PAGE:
The Stronger Man (Mark 3:23-27)

Mark’s Gospel is a breathless account of Jesus’ life, death, and resurrection. In the first chapter alone, Jesus calls his disciples, casts out a demon, heals Peter’s mother-in-law, cures “many who were sick” and “drives out many demons.”  It should be of no surprise then, by the third chapter, Jesus is drawing huge crowds.

Much of what Jesus said and did was controversial by the standards of his time and, because of this, Jesus’ public ministry was not treated with cheers by the guardians of the culture. In Mark 3:22, scribes from Jerusalem follow him to Nazareth and accuse him of being “possessed by Beelzebub.” They claim that his mastery over demons is a result of demonic powers. Jesus answers them this way, 


How can Satan drive out Satan? If a kingdom is divided against itself, that kingdom cannot stand. And if a house is divided against itself, that house will not be able to stand. And if Satan has risen up against himself and is divided, he cannot stand; that is the end of him. But no one can enter a strong man’s house to plunder his property unless he first ties up the strong man. Then he can plunder his house. (Mark 3:23-27)

It seems that when we speak of the devil, modern believers tend to make one of two mistakes. One, they act as if the devil is somehow irrelevant as if he has dropped from existence. This is where the erroneous school of thought, that proclaims the devil to be nothing more than the personification of man’s tendency to choose wrong, comes from. Or they adhere to the second school of error. This is the one in which the devil is seen as an almost cosmic counter force to God. This school sees the devil and Jesus as similar in power and leaves the believer in a helpless state against the army of darkness’ advances.  In short, the devil is ascribed no power, or he is attributed total power. Both are wrong. That is why I love when Jesus speaks of the strong man.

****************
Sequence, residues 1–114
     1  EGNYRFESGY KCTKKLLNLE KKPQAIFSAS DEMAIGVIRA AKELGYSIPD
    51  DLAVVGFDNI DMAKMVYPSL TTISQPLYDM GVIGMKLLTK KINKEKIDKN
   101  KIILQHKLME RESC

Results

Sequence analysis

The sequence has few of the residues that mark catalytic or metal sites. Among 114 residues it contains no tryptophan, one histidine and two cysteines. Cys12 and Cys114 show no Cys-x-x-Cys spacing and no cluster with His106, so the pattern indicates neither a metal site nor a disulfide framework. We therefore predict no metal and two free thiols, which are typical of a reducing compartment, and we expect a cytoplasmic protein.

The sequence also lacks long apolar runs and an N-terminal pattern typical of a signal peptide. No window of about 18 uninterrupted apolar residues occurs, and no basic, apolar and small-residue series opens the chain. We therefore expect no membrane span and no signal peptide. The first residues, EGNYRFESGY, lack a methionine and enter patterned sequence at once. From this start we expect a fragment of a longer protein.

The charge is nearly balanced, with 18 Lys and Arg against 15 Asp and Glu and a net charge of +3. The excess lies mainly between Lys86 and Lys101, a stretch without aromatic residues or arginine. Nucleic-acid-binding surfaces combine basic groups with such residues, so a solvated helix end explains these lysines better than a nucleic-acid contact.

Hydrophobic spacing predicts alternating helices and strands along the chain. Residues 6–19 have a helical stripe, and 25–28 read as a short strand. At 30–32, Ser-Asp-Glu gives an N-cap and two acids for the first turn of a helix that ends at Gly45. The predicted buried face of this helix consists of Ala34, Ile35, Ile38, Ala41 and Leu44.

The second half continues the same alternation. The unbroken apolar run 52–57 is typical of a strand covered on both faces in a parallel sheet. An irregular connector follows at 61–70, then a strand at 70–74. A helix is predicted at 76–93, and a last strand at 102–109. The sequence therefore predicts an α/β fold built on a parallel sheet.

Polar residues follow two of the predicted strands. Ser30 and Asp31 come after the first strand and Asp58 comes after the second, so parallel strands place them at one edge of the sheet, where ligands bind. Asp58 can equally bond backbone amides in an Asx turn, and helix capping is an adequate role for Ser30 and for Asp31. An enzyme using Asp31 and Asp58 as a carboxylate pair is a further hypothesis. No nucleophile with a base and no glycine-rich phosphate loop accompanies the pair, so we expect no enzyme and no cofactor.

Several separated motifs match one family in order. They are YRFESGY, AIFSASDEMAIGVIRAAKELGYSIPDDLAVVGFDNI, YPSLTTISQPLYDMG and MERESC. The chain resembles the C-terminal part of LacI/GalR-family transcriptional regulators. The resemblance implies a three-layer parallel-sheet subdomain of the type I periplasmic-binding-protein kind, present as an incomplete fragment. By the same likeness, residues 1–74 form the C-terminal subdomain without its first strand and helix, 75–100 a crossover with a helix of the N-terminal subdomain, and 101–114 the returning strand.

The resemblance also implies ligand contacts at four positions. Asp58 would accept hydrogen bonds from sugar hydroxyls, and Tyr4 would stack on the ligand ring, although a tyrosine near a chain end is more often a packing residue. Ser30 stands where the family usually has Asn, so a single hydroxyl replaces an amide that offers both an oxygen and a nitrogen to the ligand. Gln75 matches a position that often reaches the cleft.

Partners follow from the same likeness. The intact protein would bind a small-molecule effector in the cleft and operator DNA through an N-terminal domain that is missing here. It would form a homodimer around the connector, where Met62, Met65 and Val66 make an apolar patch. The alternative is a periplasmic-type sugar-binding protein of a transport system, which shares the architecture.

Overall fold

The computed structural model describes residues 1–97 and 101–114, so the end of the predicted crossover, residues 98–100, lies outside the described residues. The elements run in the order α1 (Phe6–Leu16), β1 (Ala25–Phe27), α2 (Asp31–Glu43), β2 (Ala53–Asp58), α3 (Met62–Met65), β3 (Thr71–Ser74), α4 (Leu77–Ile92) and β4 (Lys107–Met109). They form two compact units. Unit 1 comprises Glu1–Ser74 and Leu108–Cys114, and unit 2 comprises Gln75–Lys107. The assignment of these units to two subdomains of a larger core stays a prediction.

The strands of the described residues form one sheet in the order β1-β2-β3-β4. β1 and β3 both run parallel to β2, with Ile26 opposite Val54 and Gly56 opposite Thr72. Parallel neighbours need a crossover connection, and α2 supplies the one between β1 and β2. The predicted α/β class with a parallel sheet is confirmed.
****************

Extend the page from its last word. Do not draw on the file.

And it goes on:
The devil is real.  He is bad, and he has a fair amount of power. Thus, “strong man.” In a state of demonic possession, a person has come entirely under the influence of this evil. The strong man, the devil, has made the person his home.  Jesus does not deny that the devil has this power. He does not deny the devil’s ability to dominate those who have come under his influence. So, right here, Jesus sets the initial error I alluded to in the last paragraph, straight. But, far from being all-powerful, Jesus then gives insight into how he deals with the demonic.  In short, he binds them. You cannot plunder a strong man’s house unless you first tie him up. So, while Jesus does refer to the devil as the strong man, it is clear that he is the much stronger man. 

So, what is our take away? The devil is real. He is powerful but he is not all powerful. Jesus claims authority over the demonic, and they do as he commands. Far from ignoring them, he binds them and “plunders” their homes. I love that. We need to remember this. In our struggle for holiness, there will be opposition but, we are not helpless. In Christ’s authority, we need to stand firm against every tactic of the evil one. When the demonic whispers corrupt inspiration into our ears, we, like Christ, need to stand in the authority of a son or daughter of the living God, and we need to rebuke the voice of temptation, binding and silencing it in Jesus’ name, casting it away in that same authority.  Far from denying the reality of the devil, we need to understand that our lives are being lived out on a battlefield (Catechism 409), but we also need to know that the evil forces arrayed against us are no match for the Lord.

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Do You Believe Jesus? (Mark 16:17-18)